Chasing Rabbits | The Process Report

Chasing Rabbits

Upon discovering the technology of Archery in the game Civilization you will hear the proverb, “If you chase two rabbits, you will catch neither.” Like most sayings handed down by the survivors this is more than just a clever observation. In any endeavor you will not be able to accomplish your goal without a singular focus on that which you attempt to achieve. Let distractions get in the way and you can kiss away any chance of capturing your prey.

For the Tampa Bay Rays that singular goal is to acquire as much value as possible, both for the long term, and the short. This often means early good byes for established players with the hopes that they’re replaceable and that the return leaves the team in a better position moving forward. The Rays are not alone in this pursuit, but often their peers will place more priority on either the now or the later. Today’s trade rumors involving the Dodgers are no different as their potential partner puts a large emphasis on winning today. While they would prefer to not have that come at a cost for the future if they want what the Rays are offering then they will have to pay a large ransom. With a deep roster loaded with young talent the Rays should be just as content to roll into 2016 and beyond with the very good players that they have amassed to this point.

In the link posted above Jon Heyman, the man behind the man behind the man, posits that the Rays and Dodgers are currently discussing starting pitcher Jake Odorizzi. For the uninitiated Odorizzi came over in the Elliot Johnson trade with the Royals and has pitched two solid seasons for the Rays accruing more than 5 Wins Above Replacement over that time. It’s important to note that he has only pitched two years because that means he has another four before free agency. Furthermore, it means that this year he will be paid league minimum since he did not qualify for Super Two arbitration rights. As you can imagine there is a ton of value in having a good pitcher under relatively cheap control for a long time. To wit:

surplus value

I have laid out my methodology in this post, but basically we’re discounting both future dollars and future wins in an effort to see how much more production a player is likely to provide above and beyond what he is being paid. The first thing I want to call attention to is that I’m using $6.5M as the cost of a win for a very good reason. While I believe that a win in free agency costs something more like $8.0M using that reduced figure allows us to easily compare these surplus values to, arguably, the best resource for how much a prospect should cost as reproduced here:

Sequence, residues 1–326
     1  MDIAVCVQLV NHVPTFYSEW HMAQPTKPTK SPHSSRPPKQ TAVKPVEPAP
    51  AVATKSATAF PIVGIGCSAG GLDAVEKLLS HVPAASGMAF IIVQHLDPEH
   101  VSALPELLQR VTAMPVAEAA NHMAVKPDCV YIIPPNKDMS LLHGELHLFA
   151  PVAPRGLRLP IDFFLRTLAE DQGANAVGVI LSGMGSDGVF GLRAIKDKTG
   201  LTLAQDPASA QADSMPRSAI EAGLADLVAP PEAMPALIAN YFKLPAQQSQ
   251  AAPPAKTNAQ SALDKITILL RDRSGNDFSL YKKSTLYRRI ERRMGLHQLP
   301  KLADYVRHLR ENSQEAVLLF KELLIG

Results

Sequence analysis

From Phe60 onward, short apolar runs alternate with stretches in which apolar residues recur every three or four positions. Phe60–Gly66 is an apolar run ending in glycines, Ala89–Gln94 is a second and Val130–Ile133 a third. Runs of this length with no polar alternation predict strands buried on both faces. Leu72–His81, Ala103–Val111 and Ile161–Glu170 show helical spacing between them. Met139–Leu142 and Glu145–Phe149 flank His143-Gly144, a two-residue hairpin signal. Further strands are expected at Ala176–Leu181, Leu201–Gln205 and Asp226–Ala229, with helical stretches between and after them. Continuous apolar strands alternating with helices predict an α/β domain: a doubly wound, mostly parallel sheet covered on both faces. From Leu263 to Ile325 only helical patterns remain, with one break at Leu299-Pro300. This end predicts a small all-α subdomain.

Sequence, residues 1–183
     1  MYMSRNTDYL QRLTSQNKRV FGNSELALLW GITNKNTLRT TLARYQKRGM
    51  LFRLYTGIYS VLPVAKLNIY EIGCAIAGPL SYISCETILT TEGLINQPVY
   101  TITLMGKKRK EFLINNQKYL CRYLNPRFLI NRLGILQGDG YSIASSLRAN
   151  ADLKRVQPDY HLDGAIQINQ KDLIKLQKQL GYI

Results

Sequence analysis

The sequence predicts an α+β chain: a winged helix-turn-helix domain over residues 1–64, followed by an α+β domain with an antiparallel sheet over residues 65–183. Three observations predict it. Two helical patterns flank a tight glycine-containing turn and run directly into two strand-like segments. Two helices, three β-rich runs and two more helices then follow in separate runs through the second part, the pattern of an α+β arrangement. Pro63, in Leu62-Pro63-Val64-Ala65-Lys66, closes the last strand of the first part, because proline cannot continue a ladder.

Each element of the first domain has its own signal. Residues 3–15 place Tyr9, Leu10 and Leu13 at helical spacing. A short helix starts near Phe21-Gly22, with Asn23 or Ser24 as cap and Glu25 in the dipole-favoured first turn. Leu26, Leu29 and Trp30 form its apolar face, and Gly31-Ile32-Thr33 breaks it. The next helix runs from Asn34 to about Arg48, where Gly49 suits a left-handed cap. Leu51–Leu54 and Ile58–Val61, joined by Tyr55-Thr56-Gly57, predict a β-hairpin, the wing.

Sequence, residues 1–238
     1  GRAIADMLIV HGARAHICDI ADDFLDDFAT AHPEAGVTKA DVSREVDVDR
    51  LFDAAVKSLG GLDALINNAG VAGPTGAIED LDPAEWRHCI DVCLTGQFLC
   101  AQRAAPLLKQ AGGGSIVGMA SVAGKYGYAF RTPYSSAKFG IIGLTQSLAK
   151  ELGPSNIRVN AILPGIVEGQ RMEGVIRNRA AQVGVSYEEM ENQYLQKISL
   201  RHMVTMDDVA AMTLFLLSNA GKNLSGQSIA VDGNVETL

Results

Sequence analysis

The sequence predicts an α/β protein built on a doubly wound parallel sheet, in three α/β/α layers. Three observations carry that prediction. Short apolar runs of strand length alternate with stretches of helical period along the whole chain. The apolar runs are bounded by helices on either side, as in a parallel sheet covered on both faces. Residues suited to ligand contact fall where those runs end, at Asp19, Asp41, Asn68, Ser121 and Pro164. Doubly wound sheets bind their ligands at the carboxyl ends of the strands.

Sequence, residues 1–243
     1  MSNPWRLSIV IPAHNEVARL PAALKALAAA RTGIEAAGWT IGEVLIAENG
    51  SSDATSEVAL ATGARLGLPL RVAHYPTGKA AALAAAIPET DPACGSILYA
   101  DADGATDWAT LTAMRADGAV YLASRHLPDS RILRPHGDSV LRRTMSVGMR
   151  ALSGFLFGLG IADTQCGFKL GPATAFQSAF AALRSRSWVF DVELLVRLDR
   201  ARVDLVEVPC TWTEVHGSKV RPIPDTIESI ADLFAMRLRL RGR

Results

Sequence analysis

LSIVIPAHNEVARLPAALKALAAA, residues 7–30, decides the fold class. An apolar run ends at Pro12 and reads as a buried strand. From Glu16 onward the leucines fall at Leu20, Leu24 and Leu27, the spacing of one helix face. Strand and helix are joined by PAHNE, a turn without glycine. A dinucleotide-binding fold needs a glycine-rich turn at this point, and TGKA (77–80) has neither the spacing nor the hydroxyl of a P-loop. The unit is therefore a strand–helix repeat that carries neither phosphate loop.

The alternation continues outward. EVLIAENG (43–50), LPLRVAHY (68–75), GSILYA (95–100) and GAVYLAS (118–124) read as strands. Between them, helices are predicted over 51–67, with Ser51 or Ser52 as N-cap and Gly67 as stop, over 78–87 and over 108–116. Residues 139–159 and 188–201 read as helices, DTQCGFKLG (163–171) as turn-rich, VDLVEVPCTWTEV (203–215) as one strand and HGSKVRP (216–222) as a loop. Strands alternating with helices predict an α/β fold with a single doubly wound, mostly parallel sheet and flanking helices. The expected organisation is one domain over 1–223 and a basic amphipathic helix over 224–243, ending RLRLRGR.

Prospect price

On his own Jake Odorizzi should be worth all, but the best prospects in the game, and if you throw in another enviable asset like Jake McGee then that value should only go up:


I would argue, and I don’t think I’m alone here, that my WAR projections are light due to a systemic issue with undervaluing very good relievers, but also due to the high demand in the market for this skillset. If you want to tack another half a win on each year for McGee I wouldn’t fight you, and you would see his surplus value rise to nearly $13M. McGee on his own should also be bringing back a very talented prospect and when you pair the both of them you start getting into the range of being able to buy essentially whatever you would like.

If the Dodgers want to get one of the better young and cheap arms on the planet then they’re going to have to give up something very real. I don’t think it’s a stretch to say that they have two of the very best prospects in baseball in the young shortstop Corey Seager and the very young, yet on the cusp, starting pitcher Julio Urias. Either one of these guys should be attainable for a package involving our two Jakes. Of course a tool is only as good as the mechanic so please feel free to quibble with my estimates. If you’re a man (or woman) of ill repute you might use these sorts of tools to portray another reality.

Case in point would be someone saying that another one of the Rays gifted starters would be worth either of those two very good Dodger prospects. Chris Archer was the name bandied about and before you laugh yourself silly know that the aforementioned McGee was also put into a hypothetical deal. On top of even that, recent acquisition Brad Miller was also included. Can you even imagine the value here? We’ve already seen McGee, but here’s the two new names:

Miller Archer

Miller contains nearly as much value going forward as Odorizzi, and you’re right to question the pessimism in those future WAR values, but I’ll side with the conservative viewpoint here as it’s important to note that the future is a mystery. Then we get to Mr. Archer who’s nascent production has already begun to take the leap from promise to super stardom. Add in that he’s on one of the best contracts in baseball that guarantees the rights to his next six seasons and you begin to unfold just how incredible of a bargain he will be.

No, sir, even one of the best prospects in the game like Corey Seager or Julio Urias can compare to what the Rays have with Chris Archer. More likely it would take both of these potential sensations to pry this arrow from the Rays quiver. The notion that one of them with some other guys of lesser value thrown in could ensnare the Rays 2016 starting shortstop, closer, and ace is ludicrous beyond words. If the Rays were to part with their heart they would need to get both of these young players. If the Dodgers were foolhardy enough to ask for more then they would need to empty the tank to acquire the present wins they covet so much.

I think trading Jakes Odorizzi and McGee for one of those players is within the realm of reason. Certainly, the minor differences could be worked out, but to get the real prize the Dodgers had better be prepared to pony up.